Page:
The best golf swing is built from the ground up. Similarly, the javelin, shot put and hammer are all events in which the skill starts in the feet. In the Olympics, order of movements is everything. In golf, we call this the Kinematic Sequence, which describes the most effective and efficient ways for the various parts of the body and the club to accelerate and decelerate, thereby creating the optimal swing.
2. Knowing that slow is smooth and smooth is fast
Swimmers are all about efficiency in their effort, and you’ll notice that their long, smooth strokes create speed but very small splashes. Also, watching swimmers warming up and stretching, you can see how loose their muscles are and that they have extraordinary range of motion. They wear their warm-ups until they are getting into the pool, keeping warm and elastic until the last possible second. Elasticity is key in golf as well!
Cyclists know that if they move too fast, they could make mistakes that may cost them significant time. They must build speed slowly and carefully, without sacrificing any technique. This is also how the perfect golf swing is executed.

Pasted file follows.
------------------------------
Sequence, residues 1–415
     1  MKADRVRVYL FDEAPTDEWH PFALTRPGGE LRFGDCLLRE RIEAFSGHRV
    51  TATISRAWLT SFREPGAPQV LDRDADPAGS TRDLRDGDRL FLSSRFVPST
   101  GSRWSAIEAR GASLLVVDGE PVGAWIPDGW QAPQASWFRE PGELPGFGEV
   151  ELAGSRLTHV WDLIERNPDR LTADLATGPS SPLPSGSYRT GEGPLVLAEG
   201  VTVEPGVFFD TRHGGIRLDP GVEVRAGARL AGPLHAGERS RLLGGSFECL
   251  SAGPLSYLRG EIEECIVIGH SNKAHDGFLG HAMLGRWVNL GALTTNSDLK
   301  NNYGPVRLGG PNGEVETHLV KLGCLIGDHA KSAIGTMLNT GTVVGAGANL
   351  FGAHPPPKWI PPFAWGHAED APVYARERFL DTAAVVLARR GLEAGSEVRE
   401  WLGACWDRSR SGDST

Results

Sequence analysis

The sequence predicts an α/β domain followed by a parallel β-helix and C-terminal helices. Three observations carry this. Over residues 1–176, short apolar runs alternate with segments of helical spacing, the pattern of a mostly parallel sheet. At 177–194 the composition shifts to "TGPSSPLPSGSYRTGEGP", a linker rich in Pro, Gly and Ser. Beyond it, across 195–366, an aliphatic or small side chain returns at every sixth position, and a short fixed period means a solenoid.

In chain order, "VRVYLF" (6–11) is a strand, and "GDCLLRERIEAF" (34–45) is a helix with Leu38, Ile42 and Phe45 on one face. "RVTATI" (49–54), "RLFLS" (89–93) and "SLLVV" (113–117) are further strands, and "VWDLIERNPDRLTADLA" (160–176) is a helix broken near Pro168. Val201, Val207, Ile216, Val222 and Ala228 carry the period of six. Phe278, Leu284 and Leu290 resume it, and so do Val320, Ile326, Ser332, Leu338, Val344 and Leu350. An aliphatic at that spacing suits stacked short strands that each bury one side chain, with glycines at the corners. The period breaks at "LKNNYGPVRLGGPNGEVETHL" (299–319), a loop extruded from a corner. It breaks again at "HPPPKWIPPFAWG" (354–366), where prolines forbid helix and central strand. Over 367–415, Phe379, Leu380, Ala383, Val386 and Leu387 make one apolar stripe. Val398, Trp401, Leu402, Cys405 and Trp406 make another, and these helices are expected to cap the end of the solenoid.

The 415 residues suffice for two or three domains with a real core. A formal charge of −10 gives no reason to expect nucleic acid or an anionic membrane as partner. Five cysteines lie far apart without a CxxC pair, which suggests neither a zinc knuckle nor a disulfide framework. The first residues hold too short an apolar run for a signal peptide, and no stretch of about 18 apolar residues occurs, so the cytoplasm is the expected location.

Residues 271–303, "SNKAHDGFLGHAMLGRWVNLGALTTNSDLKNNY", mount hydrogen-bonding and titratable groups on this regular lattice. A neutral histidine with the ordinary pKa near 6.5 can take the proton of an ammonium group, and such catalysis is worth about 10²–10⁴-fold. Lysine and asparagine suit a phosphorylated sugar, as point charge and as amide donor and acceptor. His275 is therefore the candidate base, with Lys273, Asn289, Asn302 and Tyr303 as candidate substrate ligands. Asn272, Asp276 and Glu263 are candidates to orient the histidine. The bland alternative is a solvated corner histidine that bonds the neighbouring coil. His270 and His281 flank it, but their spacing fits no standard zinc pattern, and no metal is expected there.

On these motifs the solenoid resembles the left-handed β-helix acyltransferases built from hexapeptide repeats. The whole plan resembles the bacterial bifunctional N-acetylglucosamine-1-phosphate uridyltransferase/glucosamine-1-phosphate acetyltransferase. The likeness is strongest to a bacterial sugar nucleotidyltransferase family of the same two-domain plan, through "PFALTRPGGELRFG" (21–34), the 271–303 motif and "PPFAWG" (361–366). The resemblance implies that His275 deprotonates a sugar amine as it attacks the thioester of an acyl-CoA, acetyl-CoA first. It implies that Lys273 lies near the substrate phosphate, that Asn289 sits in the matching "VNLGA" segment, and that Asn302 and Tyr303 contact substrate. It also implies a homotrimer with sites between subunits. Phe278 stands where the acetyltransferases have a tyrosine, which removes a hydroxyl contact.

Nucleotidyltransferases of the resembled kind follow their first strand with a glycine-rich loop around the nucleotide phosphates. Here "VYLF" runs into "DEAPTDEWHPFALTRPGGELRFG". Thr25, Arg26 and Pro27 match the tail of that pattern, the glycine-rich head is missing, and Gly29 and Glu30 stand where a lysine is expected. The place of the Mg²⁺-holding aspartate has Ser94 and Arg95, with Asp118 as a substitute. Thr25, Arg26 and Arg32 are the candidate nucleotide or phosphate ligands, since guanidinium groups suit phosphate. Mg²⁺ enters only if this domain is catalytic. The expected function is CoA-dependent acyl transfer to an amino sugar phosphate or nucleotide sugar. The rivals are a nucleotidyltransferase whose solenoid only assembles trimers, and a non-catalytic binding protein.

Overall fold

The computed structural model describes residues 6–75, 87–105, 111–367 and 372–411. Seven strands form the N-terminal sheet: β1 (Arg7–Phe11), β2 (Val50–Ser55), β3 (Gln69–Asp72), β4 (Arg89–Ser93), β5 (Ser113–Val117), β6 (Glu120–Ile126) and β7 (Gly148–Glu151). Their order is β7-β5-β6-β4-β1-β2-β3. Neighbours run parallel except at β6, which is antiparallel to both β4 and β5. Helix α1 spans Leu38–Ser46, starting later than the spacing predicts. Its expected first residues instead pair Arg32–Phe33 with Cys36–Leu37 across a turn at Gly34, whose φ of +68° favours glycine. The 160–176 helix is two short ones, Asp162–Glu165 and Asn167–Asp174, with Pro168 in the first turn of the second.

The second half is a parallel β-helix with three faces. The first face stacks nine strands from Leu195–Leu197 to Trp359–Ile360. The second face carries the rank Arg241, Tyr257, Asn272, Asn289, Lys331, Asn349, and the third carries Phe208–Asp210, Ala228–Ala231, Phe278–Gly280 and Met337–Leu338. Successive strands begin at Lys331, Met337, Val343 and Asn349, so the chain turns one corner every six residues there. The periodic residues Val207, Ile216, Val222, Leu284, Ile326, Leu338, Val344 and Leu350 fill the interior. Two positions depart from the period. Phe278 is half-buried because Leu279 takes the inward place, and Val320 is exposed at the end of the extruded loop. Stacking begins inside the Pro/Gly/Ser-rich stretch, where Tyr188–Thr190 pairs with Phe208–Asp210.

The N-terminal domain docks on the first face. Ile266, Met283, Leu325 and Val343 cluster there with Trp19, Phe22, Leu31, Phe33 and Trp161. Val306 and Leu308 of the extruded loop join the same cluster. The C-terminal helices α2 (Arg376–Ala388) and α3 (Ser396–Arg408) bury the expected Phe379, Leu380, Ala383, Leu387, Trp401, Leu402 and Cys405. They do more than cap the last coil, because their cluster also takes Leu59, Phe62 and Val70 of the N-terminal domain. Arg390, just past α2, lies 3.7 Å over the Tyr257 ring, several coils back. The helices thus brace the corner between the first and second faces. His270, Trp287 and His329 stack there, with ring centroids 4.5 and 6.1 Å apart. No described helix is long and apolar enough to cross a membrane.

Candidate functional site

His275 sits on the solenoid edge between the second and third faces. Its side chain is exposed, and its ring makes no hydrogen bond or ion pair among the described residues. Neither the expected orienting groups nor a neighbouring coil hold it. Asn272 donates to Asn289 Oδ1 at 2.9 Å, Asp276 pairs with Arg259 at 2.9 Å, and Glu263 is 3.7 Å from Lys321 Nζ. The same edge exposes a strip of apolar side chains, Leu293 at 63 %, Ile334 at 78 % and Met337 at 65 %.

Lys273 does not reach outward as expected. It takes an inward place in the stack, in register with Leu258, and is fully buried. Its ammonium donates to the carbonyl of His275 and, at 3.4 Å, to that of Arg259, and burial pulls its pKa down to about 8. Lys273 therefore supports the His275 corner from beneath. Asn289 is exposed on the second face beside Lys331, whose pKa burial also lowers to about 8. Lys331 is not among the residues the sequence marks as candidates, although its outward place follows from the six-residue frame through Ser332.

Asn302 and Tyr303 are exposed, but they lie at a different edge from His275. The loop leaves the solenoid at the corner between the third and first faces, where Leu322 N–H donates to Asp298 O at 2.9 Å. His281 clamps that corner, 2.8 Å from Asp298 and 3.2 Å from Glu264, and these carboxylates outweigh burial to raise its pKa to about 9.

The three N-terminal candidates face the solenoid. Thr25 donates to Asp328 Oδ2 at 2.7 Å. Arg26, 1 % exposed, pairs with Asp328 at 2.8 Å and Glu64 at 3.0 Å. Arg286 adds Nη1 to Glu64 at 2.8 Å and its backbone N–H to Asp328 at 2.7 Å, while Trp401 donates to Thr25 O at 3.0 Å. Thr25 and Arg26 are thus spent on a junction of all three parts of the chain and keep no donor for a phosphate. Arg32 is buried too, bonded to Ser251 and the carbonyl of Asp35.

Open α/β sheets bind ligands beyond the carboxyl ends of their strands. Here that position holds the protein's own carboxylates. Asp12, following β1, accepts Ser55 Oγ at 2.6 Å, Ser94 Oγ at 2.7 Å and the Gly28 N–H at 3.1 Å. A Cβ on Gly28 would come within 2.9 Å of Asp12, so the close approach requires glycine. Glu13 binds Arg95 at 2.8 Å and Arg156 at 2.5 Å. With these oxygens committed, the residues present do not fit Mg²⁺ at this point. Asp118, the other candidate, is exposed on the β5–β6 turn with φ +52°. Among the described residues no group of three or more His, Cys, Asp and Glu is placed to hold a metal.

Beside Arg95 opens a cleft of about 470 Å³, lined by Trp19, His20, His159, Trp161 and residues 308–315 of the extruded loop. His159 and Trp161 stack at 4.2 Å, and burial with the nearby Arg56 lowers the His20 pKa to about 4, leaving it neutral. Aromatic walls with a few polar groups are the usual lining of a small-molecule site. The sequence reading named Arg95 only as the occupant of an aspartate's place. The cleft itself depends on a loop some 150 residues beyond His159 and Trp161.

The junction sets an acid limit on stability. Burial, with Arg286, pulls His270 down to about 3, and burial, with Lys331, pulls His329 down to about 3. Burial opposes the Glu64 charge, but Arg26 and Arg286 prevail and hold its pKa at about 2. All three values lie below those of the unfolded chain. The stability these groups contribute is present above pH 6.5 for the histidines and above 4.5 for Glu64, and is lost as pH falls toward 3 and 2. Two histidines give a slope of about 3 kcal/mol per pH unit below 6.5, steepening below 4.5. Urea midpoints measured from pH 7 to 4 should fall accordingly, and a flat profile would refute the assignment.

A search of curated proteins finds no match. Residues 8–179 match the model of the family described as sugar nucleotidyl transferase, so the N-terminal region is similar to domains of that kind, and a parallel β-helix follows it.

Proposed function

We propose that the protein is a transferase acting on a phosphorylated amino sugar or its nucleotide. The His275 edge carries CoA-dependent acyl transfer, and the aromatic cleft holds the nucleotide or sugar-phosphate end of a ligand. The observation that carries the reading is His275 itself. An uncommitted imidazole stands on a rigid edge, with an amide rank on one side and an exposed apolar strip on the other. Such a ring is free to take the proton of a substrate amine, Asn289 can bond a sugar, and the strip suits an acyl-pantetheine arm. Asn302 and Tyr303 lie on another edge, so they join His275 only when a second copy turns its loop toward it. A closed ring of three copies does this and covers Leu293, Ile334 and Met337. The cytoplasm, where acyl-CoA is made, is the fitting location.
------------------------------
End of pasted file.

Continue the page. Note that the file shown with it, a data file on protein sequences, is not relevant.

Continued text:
Runners are all about sticking to their pace. The same goes for golfers, where the pace or zone that provides the best results must endure throughout the entire competition, from the first seconds to the final moments.
3. Obsessively working on their posture
Gymnasts have the best posture of all athletes, because proper posture promotes the proper path. This is the same for golf, where controlling your eyes and focusing on the right place creates a successful swing. Both golfers and gymnasts also depend on excellent posture to ratchet up speed, increase mobility and avoid injury.
From 1904 until 2015, golf was not played at the Olympics. Perhaps this is because golf is a game for all people and body types, and strength is secondary to technique (some of the best golfers in the world don’t appear athletic in the traditional sense). Finally, in 2016, golf was invited back.
By Doug Weaver, Director of Instruction, Palmetto Dunes Golf Academy
North Carolina and South Carolina PGA Teacher of the Year, Doug Weaver is the Director of Instruction at the Palmetto Dunes Golf Academy. He conducts “Where Does the Power Come From?”, a free interactive clinic and demonstration every Monday from 4-5 p.m. at the Robert Trent Jones Golf Course. Call (843) 338-9598 or (800) 827-3006 or go to www.palmettodunes.com for more information.